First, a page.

Writing about writing

Posts tagged ‘teaching’

Butt in chair

As a writing instructor as well as a writer-wanna-be, I have read and taught more times than I am able to count about the importance of “butt-in-chair” when it comes to writing. The most basic answer to the question “how do I write?” is for the would-be writer to sit down and write–whether it be by hand or digitally doesn’t matter. What matters is putting the butt in a chair and writing.

Period.

Ha!

Haha!

Hahaha!

Yeah. Right.

If only it were that easy.

Because, see, here’s the problem: the moment I put my butt in my chair to write, I think about the hundred other things that I need to be doing–the 100 things that honestly have priority over writing–except during NaNoWriMo (November). At the top of that list of important projects is the grading that always needs to be done. If you teach, then you know that even before you finish grading one assignment, another is already waiting behind it to be graded.

And if grading isn’t the top priority, then prep work is. Any good teacher knows that even when we have assignments that we recycle, assignments are constantly being improved upon or simply changing based on class personality or needs. Which means, then, that even seasoned teachers such as myself are always doing prep work.

Since my son is currently a teenager, he no longer needs to live in mommy’s pocket, but yet because he is an only child, he loves having my undivided attention. That means that my son–my family–more often than not takes priority over my writing.

With all that being said, though, I have this desperate need deep in my very soul to write. I love to write. I love to journal. I love to write for my blogs. I have participated in NaNo for more than 10 years, off and on, and won at least half of those years. I love writing letters. I even enjoy writing up assignments for my classes.

So while I do have to prioritize because that is simply the way life goes, writing is and always will be lurking just below whatever item is at the very top of my list of priorities…which means that I will always find a way and time to put my butt in my chair and write–even if that means writing for no more than half an hour!

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To teach or not to teach….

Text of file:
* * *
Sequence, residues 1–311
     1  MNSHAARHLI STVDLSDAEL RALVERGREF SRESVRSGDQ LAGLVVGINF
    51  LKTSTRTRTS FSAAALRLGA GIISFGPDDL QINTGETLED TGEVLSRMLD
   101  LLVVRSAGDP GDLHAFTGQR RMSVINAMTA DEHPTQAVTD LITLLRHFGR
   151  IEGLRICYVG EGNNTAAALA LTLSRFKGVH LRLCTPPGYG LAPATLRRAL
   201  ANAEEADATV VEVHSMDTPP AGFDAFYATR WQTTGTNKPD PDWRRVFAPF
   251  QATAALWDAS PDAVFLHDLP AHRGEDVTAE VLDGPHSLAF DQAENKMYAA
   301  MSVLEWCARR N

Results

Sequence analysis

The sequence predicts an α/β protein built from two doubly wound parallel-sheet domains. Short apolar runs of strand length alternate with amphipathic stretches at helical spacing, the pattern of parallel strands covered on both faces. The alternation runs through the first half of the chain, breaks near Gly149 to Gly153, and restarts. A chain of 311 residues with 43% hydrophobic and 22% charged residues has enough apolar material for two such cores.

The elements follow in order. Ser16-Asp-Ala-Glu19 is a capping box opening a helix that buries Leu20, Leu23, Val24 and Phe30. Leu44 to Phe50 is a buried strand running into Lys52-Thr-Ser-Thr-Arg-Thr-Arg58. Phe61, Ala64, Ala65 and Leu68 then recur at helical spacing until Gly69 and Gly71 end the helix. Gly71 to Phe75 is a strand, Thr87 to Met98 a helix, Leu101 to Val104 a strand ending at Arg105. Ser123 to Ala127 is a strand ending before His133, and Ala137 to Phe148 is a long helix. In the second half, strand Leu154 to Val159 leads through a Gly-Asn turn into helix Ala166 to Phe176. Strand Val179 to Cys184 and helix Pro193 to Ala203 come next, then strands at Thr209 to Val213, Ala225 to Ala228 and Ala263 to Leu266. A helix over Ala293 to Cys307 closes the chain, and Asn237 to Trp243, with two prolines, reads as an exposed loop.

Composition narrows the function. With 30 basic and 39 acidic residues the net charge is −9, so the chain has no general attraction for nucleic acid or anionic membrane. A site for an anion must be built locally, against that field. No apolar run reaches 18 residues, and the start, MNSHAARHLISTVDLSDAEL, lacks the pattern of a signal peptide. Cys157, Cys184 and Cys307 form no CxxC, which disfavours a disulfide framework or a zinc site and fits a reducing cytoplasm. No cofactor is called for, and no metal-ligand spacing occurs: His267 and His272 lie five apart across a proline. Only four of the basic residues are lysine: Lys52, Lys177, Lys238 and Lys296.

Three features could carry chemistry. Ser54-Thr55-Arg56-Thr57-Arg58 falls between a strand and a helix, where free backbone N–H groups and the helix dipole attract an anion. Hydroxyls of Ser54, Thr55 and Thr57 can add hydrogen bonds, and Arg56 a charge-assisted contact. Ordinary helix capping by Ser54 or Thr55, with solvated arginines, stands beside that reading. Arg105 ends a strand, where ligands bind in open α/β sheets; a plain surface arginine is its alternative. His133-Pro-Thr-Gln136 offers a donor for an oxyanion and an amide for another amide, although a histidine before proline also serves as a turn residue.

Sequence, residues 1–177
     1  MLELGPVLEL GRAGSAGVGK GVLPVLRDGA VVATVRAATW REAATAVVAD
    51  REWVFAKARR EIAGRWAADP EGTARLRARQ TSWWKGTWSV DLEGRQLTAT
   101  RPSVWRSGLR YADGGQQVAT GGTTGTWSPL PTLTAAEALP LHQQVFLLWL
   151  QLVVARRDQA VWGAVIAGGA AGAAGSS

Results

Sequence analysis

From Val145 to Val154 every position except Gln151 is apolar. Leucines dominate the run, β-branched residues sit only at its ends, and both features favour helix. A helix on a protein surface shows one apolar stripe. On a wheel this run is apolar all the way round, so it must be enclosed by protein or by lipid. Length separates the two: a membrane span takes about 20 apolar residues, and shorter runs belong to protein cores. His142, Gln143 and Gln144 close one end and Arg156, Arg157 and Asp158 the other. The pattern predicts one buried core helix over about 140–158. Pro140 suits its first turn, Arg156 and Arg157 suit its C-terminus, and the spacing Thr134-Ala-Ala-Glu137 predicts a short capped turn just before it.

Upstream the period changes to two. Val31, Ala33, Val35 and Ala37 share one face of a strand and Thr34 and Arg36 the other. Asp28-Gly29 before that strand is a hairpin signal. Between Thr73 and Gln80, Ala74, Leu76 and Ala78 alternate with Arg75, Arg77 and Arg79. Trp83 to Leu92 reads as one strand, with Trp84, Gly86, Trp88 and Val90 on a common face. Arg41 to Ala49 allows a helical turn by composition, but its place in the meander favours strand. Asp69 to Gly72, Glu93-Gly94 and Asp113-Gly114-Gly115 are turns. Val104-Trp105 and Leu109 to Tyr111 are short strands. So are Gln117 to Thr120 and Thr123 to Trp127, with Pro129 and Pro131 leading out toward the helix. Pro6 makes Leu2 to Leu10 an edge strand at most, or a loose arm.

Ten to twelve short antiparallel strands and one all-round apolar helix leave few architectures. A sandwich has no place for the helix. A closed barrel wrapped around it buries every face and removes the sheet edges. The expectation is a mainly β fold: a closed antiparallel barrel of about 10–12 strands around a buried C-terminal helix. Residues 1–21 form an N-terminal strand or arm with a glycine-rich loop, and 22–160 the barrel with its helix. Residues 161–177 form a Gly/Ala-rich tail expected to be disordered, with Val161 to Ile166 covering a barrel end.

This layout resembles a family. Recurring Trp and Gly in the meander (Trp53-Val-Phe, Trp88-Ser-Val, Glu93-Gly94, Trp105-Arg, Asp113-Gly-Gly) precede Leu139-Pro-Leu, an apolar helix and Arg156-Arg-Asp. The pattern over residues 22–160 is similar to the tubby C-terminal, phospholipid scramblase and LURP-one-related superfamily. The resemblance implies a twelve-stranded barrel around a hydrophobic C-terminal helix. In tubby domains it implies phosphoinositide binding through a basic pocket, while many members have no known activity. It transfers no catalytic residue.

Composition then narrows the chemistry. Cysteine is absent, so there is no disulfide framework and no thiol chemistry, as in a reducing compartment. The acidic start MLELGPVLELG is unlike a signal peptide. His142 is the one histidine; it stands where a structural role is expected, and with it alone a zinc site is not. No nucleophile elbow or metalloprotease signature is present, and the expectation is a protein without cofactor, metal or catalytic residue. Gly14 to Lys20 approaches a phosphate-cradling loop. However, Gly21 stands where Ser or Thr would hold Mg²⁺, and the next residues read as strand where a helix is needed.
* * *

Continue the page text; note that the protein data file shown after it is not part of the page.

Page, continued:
Back in September of 2016, a trusted friend of mine told me about a writing class that was being offered through the Continuing Education department of my college. As a wanna-be-published-author, I jumped at the opportunity to take a class on furthering my career, especially once I learned that we would write a book and publish it by the end of the class! What aspiring author wouldn’t want such an opportunity?!

I signed up for the class, but it was post-poned until this year. In the meantime, I talked a friend of mine who is also a writer-wanna-be to take the class with me. We were both uber-excited about it and talked about it all the time. We even arrived at the class more than an hour early!

As is typical, we spent the first part of the class introducing ourselves and getting to know a little about one another. It was fun! There were nine ladies and the male instructor! We were all eager and ready to learn about self-publishing and happy to know that the others in the class were like-minded.

Our instructor then gave us about a half hour to brainstorm story ideas. After going around the room to share our ideas, he shared his story idea about a suicidal dog—for an audience of 7 to 10 year olds.

In all seriousness, what is YOUR response to reading that??? (Before you read any further, I’d love to hear your thoughts.)

To a woman, our response was, “Ummm, that’s way too dark for a children’s story. No.”

For the next half hour, our instructor proceeded to tell us to “trust him” (I lost count of how many times he said that) and that he knows, beyond a shadow-of-a-doubt, that there is an audience for such a story. It was clear not only by the reactions of the ladies in the room but also by how insistent our instructor was that we “trust him” that this subject matter was not kosher across the board.

While discussing this situation with a co-worker, I was asked what the instructor has published. I am ashamed to say that I had not researched that. I knew our instructor has a travel blog that has been picked up by a local newspaper, but beyond that, I had not heard of anything else he had published. So we looked him up—we googled him, and we searched Amazon and Barnes & Noble—nothing. We kept getting links to the blog he’d already shown us. And his blog entries did not impress me.

I felt like an idiot.

Honestly, how in the world is this guy going to teach me about something he hasn’t even done himself???

How would YOU feel if you found out that your instructor hadn’t even done what he/she is asking you to do? Don’t you typically go into a learning situation with a basic assumption—understanding—that the instructor has done what he/she is teaching? That the instructor not only has had the instruction, but he/she has also DONE the lesson?!

From my perspective, it did NOT inspire confidence in me. In fact, it discouraged me enough that I have made the decision not to return to the class.

I truly would love to hear some thoughts about this….

11-28

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